• I definitely went for the monster roller coaster ride myself.  I ended up doing elimination diets multiple times over the years to identify problem foods beyond gluten.  And yes, you are a bright and shiny newbie at 5 months!   Usually we think of children as healing faster than adults.  After all, they do other things faster than adults too, like running into walls, and pissing off parents. Remember you are trying to heal your gut, and that means giving it an easier job than normal to reduce irritation and the work of digestion.  Stopping the immune response is important, but healing the physical damage and also restoring a healthy gut flora is important too.  It's not a simple thing and the gotchas are many.  That's why a whole foods diet with no or very few processed foods is helpful, as it eliminates many sources of gluten contamination and also carbs and sugars that feed bad bacteria in the gut.  Healing the gut allows more minerals and vitamins to be absorbed which also aids the healing process. Five months was the very beginning of my healing journey.  YMMV, but mine was more on the order of 5 to 7 years, although some of my health issues weren't (I don't think) directly related to gluten.  I would guess I am on the slow side of things recovery wise.  But it did happen, just not as fast I would of liked. https://www.sciencedaily.com/releases/2016/11/161107143029.htm Even after a year on a gluten-free diet, nearly 20 percent of children with celiac disease continue to have intestinal abnormalities (enteropathy) on repeat biopsies, reports a study in the Journal of Pediatric Gastroenterology and Nutrition, official journal of the European Society for Paediatric Gastroenterology, Hepatology and Nutrition and the North American Society for Pediatric Gastroenterology, Hepatology and Nutrition. The journal is published by Wolters Kluwer.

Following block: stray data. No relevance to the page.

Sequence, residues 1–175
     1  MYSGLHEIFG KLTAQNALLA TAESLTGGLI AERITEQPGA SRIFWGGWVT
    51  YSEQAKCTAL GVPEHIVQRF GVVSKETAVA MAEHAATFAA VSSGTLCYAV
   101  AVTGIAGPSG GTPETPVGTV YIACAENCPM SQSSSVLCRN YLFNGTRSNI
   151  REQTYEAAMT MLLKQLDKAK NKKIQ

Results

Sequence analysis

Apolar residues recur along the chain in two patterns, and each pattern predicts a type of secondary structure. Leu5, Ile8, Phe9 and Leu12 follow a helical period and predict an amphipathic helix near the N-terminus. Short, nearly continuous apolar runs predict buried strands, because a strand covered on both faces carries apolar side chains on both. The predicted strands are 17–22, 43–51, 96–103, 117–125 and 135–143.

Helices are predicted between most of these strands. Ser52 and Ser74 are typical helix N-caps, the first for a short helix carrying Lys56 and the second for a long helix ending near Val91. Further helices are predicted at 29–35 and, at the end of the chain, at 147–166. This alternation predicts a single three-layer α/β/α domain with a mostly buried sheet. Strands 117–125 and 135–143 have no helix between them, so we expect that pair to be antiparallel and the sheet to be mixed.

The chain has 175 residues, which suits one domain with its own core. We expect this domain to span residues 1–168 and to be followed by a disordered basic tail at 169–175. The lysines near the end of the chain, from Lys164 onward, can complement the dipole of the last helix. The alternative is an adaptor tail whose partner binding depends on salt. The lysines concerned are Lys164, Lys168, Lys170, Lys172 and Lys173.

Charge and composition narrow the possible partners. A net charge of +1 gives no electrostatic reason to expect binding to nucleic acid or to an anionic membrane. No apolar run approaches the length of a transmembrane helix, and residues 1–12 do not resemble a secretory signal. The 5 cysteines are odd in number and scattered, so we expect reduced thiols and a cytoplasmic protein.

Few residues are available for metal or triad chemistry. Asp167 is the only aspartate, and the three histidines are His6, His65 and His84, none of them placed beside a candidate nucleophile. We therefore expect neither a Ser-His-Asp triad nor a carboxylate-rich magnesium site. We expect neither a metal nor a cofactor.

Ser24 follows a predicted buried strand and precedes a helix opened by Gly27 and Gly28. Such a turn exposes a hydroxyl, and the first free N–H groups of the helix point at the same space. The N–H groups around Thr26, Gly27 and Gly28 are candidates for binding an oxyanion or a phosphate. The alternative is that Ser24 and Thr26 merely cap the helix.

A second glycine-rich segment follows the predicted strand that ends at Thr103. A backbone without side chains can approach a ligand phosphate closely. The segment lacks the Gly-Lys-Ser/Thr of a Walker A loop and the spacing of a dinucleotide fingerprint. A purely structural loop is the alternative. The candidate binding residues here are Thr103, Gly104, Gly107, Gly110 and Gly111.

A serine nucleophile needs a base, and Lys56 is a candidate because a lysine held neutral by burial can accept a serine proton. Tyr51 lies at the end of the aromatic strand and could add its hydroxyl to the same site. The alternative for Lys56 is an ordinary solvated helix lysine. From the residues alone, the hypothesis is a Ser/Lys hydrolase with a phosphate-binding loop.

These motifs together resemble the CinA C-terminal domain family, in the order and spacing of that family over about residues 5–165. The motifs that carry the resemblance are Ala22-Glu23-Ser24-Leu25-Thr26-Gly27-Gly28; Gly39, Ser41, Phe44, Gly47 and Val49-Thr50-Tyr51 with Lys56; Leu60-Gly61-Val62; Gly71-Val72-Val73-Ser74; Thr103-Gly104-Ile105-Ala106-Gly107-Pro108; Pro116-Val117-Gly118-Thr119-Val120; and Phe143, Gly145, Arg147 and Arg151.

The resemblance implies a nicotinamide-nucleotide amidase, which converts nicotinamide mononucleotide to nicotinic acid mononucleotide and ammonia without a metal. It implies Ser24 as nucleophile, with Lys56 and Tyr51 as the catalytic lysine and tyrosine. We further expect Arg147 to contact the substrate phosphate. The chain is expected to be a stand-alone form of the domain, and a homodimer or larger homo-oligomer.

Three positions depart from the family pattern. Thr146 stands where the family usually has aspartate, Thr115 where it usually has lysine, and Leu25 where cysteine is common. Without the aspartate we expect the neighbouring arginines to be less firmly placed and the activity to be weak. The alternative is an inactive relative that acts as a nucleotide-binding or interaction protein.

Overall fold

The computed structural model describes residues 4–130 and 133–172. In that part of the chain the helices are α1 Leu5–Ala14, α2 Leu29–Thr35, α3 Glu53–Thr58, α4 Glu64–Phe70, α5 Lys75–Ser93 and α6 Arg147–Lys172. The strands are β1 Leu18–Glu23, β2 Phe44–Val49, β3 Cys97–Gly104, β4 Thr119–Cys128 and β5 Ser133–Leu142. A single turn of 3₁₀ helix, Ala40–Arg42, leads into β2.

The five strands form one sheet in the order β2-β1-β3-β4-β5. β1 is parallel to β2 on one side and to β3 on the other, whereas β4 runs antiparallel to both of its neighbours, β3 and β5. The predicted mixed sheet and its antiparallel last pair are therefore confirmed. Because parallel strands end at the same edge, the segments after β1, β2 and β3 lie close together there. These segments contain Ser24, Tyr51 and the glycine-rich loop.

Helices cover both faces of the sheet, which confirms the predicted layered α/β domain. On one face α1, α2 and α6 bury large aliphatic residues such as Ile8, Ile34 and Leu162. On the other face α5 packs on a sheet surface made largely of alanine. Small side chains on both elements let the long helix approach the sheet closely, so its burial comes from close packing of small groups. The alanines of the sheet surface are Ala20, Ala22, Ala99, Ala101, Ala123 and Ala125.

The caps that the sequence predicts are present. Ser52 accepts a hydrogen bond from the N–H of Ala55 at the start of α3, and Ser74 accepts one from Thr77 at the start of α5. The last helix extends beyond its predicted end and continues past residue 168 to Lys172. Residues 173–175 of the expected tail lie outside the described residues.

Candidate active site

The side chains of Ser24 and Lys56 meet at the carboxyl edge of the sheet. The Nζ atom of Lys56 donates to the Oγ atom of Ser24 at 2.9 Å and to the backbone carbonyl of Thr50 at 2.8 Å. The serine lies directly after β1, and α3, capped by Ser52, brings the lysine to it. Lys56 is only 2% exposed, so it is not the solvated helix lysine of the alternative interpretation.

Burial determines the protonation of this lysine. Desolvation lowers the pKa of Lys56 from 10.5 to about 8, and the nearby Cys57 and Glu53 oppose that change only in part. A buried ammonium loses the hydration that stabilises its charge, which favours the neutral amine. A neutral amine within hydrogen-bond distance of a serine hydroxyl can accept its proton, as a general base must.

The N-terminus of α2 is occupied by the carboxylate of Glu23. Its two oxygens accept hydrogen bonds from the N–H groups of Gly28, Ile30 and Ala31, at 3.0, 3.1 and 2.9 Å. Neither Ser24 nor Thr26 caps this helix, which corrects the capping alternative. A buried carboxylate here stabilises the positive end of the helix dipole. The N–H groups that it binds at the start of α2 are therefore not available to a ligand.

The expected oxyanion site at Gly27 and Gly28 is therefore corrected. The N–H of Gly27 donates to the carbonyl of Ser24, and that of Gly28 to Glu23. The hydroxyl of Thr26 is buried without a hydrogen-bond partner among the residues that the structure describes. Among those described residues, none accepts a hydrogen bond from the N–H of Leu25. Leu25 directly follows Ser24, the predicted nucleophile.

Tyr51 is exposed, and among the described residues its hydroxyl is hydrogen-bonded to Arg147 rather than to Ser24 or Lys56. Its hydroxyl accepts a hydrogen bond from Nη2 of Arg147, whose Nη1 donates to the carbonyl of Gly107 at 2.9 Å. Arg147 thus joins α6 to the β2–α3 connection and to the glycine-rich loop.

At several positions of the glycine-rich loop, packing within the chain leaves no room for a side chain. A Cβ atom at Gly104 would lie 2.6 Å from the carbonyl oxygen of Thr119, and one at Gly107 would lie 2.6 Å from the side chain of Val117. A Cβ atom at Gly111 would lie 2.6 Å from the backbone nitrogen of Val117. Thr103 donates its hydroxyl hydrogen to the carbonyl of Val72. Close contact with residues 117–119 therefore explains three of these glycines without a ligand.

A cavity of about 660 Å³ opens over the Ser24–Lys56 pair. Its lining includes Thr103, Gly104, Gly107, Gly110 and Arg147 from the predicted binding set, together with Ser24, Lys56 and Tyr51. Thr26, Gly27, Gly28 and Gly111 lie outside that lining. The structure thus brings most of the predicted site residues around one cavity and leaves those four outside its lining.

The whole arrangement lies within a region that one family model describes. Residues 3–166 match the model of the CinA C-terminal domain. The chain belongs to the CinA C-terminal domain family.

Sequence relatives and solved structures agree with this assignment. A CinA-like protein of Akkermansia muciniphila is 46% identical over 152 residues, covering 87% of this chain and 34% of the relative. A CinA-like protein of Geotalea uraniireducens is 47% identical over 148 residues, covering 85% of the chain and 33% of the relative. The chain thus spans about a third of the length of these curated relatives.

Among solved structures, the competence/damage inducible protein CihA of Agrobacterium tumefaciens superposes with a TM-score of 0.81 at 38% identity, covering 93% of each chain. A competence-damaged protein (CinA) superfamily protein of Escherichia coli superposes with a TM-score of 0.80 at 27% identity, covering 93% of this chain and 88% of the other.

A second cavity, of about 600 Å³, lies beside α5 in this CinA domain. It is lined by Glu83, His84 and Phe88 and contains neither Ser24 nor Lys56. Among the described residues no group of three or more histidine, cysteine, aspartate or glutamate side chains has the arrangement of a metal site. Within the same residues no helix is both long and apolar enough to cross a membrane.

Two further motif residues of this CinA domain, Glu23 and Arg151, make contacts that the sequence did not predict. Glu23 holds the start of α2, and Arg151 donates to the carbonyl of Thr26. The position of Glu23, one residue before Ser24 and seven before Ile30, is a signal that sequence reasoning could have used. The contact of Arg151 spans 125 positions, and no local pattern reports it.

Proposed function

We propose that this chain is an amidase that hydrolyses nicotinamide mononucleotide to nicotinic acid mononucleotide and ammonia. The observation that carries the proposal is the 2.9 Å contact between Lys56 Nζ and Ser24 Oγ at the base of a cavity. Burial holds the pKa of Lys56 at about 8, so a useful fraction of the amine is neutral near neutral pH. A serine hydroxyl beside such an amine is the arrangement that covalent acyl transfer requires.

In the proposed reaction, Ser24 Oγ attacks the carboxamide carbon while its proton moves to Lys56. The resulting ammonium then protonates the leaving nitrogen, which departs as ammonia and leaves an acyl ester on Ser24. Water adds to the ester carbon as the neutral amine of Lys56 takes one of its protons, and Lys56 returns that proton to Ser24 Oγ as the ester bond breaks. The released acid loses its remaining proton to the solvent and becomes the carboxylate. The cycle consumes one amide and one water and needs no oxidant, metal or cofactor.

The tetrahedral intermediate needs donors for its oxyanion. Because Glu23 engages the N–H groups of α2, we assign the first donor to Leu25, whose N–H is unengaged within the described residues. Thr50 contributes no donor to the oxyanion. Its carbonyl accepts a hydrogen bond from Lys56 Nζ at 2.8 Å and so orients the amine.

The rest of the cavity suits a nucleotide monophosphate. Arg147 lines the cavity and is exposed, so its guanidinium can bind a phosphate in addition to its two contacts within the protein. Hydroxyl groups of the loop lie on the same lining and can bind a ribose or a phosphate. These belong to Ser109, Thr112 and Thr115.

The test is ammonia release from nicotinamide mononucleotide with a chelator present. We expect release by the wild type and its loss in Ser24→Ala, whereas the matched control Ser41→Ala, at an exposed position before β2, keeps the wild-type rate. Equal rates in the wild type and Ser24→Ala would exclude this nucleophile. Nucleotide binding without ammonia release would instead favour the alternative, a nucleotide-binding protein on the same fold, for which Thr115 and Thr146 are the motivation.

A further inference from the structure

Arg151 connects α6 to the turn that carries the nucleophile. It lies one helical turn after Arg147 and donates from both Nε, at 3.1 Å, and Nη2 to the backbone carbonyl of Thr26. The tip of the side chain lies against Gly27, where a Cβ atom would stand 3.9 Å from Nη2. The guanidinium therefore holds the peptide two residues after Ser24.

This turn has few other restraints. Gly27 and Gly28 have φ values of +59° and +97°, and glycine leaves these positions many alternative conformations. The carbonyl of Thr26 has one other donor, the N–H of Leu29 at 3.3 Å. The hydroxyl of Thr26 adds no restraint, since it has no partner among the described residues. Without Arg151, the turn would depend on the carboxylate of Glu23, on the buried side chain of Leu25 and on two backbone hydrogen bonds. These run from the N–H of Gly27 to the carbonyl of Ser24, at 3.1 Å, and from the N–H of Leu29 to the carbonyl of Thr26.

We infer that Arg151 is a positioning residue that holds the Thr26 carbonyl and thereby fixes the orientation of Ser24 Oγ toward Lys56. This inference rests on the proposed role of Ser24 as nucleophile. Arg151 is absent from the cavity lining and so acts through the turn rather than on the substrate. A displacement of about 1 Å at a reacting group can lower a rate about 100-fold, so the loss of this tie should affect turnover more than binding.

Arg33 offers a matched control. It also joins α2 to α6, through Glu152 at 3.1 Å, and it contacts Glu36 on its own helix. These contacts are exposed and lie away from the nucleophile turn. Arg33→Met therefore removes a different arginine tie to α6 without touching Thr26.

• "Gluten-Free" is a regulated term in Canada and the USA. It refers to wheat, rye, and barely content.  It does not specifically refer to "malt" since, while most malt is from barley, other grains can be malted without resulting in gluten content. Your allergist is wrong if he says "malt" is an issue. Wheat is gluten; yoghurt is dairy; but "malt" is not specific. You may react to certain things when malted.  But it depends on what the malt is made from. If it says "gluten-free" it does not contain wheat, barley or rye. Other top allergens are are listed in FALCPA, which came into effect in 2006.
    • I have been gluten-free per doctor recommendation for 2 years now. Since I was still having stomach problems, I went in for allergy testing. It came back as: Highly reactive: wheat, malt, yogurt Moderately reactive: barley, cows milk, mushrooms, cottage cheese, mozzarella, kelp, sesame, ginger Mildly reactive: green beans, chicken, sunflower, cheddar cheese, safflower I have never gone through official celiac testing; I simply followed the doctor's orders to rid myself of gluten and see if it helped. It helped tremendously, but I still had stomach issues, unexplained fevers, and fatigue a couple of times a month. Thus the allergy testing. My question is, is everything labeled "gluten free" also malt and barley free? Are there hidden places I should be cautious of sesame, ginger, or the other allergens? I'm willing to eliminate anything...I just want to feel better consistently. Also, I have three kids who don't currently seem to have issues. How hereditary are these problems? 
    • I compost.  I never add any bread products (even gluten-free) to my bin.  Why?  Critters.  Yep, rats, raccoons, oppossums..... You can not get glutened from it, unless you eat or swallow it.  Just wash your veggies.